Of all sports jobs, sports media positions provide employees with the greatest access to athletes and events in order to allow for the best possible media coverage. With that access comes temptation, whether that’s hobnobbing with players, taking personal photos, and/or getting autographs for friends and family.
Working in sports media is a granted privilege and not a right. That up close access can be revoked in a moment’s notice if certain ethical boundaries are crossed.
In addition to common ethical standards in journalism related to plagiarism and sourcing, working in sports has its own unique rules because of the subjects being covered. Most media credentials clearly state that autographs and personal photos are not allowable under any circumstances and breaking this policy will lead to immediate revocation of the credential and expulsion from the property.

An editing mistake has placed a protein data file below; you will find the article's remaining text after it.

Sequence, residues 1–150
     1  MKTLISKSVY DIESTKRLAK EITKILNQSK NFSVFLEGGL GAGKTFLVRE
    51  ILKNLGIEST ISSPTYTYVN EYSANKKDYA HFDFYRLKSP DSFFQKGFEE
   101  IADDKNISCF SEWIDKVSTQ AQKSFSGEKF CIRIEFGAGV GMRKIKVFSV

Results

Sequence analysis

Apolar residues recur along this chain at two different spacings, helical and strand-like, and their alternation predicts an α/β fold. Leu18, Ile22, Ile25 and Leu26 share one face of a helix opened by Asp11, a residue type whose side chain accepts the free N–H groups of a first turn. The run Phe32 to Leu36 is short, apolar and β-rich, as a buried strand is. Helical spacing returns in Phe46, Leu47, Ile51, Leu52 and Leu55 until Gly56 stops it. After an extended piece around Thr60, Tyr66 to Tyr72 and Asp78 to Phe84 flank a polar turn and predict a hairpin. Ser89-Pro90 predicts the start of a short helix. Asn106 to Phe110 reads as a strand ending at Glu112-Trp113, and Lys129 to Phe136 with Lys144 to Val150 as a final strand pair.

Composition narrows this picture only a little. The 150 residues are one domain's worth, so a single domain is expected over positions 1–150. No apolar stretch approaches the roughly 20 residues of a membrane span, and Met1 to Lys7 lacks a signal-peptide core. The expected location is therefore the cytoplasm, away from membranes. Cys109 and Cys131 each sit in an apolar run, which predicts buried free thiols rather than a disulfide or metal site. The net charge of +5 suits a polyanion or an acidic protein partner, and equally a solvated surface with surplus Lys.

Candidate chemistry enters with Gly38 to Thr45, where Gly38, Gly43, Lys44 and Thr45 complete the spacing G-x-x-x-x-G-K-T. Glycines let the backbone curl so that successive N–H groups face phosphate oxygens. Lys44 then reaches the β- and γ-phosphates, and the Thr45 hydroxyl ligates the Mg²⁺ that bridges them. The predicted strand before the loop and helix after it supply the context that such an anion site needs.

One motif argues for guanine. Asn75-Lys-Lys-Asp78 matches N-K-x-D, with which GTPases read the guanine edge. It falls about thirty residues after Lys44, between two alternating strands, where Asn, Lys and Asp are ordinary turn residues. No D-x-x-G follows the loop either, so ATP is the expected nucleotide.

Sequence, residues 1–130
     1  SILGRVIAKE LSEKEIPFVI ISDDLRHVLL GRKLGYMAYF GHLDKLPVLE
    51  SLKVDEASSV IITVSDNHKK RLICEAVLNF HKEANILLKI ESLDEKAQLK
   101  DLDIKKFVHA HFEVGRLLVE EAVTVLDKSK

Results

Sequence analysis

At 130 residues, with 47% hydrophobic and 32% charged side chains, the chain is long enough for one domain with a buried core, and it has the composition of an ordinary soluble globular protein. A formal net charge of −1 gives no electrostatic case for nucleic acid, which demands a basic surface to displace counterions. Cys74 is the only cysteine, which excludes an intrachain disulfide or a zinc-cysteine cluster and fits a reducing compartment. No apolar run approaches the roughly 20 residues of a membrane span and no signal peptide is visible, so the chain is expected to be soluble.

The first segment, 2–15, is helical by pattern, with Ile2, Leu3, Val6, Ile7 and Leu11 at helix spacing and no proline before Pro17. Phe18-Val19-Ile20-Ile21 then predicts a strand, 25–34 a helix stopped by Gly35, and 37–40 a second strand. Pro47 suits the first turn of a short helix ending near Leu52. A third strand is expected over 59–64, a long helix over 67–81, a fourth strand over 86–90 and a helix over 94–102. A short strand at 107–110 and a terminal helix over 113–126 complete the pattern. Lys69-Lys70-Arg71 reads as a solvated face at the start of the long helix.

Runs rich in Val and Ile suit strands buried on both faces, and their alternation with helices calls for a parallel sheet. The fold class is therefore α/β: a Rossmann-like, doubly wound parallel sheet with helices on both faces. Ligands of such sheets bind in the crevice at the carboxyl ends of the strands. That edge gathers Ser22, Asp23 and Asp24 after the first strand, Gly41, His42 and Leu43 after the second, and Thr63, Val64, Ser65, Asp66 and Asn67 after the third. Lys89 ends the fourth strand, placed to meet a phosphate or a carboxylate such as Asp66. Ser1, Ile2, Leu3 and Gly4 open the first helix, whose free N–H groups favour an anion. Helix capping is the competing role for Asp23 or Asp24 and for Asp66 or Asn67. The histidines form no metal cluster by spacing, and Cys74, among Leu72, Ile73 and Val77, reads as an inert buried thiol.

Seeing athletes behind the scenes is often a surreal experience but sports media personnel must remain professional and respectful of the athletes’ off the field space. Personal relationships developed as a result of the job are also generally prohibited.
Recently, headlines were made when Los Angeles Dodgers pitcher Derek Lowe and Fox Sports Net report Carolyn Hughes became romantically involved in addition to their media professional-to-player relationship. Consequentially, Hughes was immediately terminated from her position with Fox Sports and it is safe to say that she will have an extremely difficult time finding another job as a television reporter. Sports media personnel must decide between the short term payoff and the long term consequences.